decided: May 1, 1978.
MARIA C. GOOD AND JOSEPH GOOD, APPELLANTS
ZONING HEARING BOARD OF HAVERFORD TOWNSHIP, APPELLEE
Appeal from the Order of the Court of Common Pleas of Delaware County in case of Maria C. Good and Joseph Good v. Zoning Hearing Board of Haverford Township, No. 75-7901.
Edward A. Savastio, for appellants.
Brian S. Quinn, with him Edward J. O'Halloran, and, of counsel, O'Halloran & Schofield, for appellees.
Judges Wilkinson, Jr., Blatt and DiSalle, sitting as a panel of three. Opinion by Judge Wilkinson, Jr.
[ 35 Pa. Commw. Page 156]
This case is before us on appeal from a decision of the Court of Common Pleas of Delaware County affirming the denial by the Zoning Hearing Board (Board) of Haverford Township (Township) of appellants' application for a special exception and/or a variance. We affirm.
Appellants, a husband and wife, own and reside in a home located in an R-2 Low Density Residential zoning district within the Township. This zoning classification basically allows for single family dwellings and some accessory uses. Appellants wish to establish a real estate office in their home for the use of the wife, Maria Good, who is a licensed real estate broker. This usage would not necessitate any structural change in either the interior or the exterior of the home, since the previous owner of the home was a doctor and there is already a two room office located on the first floor. These two rooms occupy almost 12% of the first floor area of the home, and about 6% to 8% of the total area. Mrs. Good did testify that she would employ, at least on a part-time basis, one other person in the home, that person to be either a secretary or a salesman. Mrs. Good further testified that if allowed to open a real estate office in her home, she would not close down her main real estate office. The application of appellants has been strenuously opposed by other residents of the area, many of whom testified at the Board's hearing, and some of whom formally intervened in the case before the lower court.
Appellants first contend that they are entitled to operate a real estate office in their home under the provisions of Section 201.1 B.4 of the Township zoning
[ 35 Pa. Commw. Page 157]
ordinance, which permits accessory uses in the nature of a professional office. The definition of professional office contained in the ordinance, however, specifically excludes real estate offices, and therefore this contention of appellants must be rejected.
Appellants attempt to avoid this result by arguing that their proposed usage qualifies under the special exception provisions of the Township zoning ordinance. First, they contend that a real estate office is a home occupation as that term is defined in the ordinance.*fn1 Such a contention was rejected by our Supreme Court in Ridley Township v. Pronesti, 431 Pa. 34, 38, 244 A.2d 719, 721 (1968), wherein the Court, quoting the lower court's opinion, stated:
If use as a real estate office is permitted at all, it must be either as a 'practitioner of a similar character' or a 'home occupation'. Both possibilities, however, are limited to uses 'customarily incidental' to a single family detached dwelling. Defendants' contention falls; real estate offices are not customarily incidental to single family detached dwellings, but are rather a commercial use not ordinarily conducted in a home (in this case, permitted by the Zoning Ordinance in 'A' and 'B' Business Districts).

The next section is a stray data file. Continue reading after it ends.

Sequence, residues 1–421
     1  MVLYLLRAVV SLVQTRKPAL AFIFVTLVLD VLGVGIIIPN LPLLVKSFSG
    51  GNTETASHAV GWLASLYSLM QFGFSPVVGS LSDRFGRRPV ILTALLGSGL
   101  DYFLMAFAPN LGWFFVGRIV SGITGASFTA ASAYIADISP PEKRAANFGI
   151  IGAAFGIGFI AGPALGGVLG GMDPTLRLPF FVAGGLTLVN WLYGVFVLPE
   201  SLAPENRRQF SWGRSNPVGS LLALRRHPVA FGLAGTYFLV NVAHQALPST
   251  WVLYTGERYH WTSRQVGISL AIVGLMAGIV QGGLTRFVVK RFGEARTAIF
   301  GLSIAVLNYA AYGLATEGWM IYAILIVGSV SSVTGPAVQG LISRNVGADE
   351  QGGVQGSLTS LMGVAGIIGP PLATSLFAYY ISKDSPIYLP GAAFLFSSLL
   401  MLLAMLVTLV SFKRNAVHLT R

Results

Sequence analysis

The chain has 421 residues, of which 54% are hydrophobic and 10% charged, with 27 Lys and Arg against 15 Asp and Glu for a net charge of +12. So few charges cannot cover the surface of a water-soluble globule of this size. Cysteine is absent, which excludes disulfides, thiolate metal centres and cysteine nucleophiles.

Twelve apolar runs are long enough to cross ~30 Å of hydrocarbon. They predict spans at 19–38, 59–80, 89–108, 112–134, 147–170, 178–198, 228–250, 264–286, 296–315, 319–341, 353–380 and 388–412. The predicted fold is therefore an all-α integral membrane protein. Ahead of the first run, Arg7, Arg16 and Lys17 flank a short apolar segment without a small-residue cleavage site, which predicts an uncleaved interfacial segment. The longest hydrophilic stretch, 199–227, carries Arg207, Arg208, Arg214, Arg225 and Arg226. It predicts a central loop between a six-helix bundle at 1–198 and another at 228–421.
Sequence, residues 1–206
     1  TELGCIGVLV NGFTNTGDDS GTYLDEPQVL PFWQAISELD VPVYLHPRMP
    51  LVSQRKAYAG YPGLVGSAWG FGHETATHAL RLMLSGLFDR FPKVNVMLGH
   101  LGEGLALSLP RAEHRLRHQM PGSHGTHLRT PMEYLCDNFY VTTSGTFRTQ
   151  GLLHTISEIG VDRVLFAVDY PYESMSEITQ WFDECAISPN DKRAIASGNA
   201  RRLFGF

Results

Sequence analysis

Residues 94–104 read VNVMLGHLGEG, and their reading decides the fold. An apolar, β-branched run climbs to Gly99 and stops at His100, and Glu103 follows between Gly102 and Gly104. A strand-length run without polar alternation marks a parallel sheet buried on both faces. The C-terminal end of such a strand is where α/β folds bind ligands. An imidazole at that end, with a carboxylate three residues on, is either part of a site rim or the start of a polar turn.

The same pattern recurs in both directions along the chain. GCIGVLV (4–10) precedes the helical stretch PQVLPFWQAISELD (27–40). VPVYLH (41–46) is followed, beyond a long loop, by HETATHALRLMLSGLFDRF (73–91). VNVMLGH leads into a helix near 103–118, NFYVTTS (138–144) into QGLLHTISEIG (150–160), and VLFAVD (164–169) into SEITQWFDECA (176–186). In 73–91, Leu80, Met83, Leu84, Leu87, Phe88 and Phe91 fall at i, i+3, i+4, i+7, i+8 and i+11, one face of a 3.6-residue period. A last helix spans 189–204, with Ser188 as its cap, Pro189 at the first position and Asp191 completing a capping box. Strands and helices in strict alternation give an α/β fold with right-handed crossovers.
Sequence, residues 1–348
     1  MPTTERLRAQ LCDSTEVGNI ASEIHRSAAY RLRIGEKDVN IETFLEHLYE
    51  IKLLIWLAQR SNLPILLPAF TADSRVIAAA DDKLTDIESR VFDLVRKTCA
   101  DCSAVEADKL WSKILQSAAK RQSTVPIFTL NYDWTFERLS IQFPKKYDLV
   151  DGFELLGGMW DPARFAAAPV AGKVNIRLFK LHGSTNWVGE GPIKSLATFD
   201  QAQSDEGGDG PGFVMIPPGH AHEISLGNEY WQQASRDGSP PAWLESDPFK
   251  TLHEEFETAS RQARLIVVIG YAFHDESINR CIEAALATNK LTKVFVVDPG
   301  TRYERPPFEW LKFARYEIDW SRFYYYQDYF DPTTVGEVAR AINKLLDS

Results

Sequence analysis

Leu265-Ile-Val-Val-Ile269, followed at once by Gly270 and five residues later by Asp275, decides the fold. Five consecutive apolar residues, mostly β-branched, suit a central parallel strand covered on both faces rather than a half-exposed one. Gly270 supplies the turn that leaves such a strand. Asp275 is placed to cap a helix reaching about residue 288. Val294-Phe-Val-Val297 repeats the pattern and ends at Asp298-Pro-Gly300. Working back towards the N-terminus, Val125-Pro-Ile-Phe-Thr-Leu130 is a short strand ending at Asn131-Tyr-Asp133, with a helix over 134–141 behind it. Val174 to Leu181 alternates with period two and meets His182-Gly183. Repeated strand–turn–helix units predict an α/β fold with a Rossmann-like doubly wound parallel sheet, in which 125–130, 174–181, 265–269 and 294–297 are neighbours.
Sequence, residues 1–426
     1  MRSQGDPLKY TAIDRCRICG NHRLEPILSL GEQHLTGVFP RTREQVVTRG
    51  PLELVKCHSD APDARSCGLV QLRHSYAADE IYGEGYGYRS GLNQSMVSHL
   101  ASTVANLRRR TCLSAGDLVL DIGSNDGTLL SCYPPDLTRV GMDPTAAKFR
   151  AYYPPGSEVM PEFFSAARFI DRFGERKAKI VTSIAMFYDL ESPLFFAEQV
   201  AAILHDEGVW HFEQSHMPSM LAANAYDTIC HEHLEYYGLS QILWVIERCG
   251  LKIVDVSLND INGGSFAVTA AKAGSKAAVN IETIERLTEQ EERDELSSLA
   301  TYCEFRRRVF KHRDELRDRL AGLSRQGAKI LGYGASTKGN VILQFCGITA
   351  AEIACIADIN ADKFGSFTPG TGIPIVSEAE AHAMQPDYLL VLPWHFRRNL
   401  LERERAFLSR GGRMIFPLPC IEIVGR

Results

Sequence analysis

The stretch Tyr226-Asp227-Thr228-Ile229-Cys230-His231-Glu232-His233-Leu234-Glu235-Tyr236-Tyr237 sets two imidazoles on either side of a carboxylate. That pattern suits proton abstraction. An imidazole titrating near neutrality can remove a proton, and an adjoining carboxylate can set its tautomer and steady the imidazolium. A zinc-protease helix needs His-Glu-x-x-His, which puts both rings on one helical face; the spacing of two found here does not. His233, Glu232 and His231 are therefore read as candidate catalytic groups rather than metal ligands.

[ 35 Pa. Commw. Page 158]
Second, appellants contend they qualify under that special exception provision which allows for professional offices or studios not listed as permitted under Section 201.1 B-Accessory Uses. Accepting this argument would require us to totally ignore the specific exclusion of real estate offices found in Section 201.1 B.4, and therefore we must reject it. We note that it has been held on several occasions that a real estate broker is not a professional, and that a real estate office is not a professional office. Ridley Township v. Pronesti, supra; Reich v. Reading, 3 Pa. Commonwealth Ct. 511, 284 A.2d 315 (1971). In addition, since the ordinance in question specifically allows for real estate offices in the commercial zones of the Township, it is doubtful that a similar use was intended to be a permitted accessory use in an R-2 Low Density Residential zoning district. Bonasi v. Haverford Township Board of Adjustment, 382 Pa. 307, 115 A.2d 225 (1955).
With respect to appellants' application for a variance, we find the lower court was correct in concluding that there was no evidence presented that enforcement of the ordinance would inflict unnecessary hardship upon the appellants, or that granting the variance would not be contrary to the public's health, safety or welfare. Alfano v. Zoning Hearing Board, 14 Pa. Commonwealth Ct. 334, 324 A.2d 851 (1974). Similarly, since real estate offices are a permitted use in commercial areas of the Township, the lower court correctly ruled that the exclusion of a real estate office from an R-2 Low Density Residential zoning district did not violate appellants' right to equal protection. Finally, we need not consider appellants' arguments with respect to the burden of proof for the granting of a special exception, since we have already decided that a real estate office is not a permitted use in an R-2 Low Density Residential zoning district.
[ 35 Pa. Commw. Page 159]
Accordingly, we will enter the following
And Now, May 1, 1978, the decision of the Court of Common Pleas of Delaware County, No. 75-7901, dated December 18, 1976, is affirmed.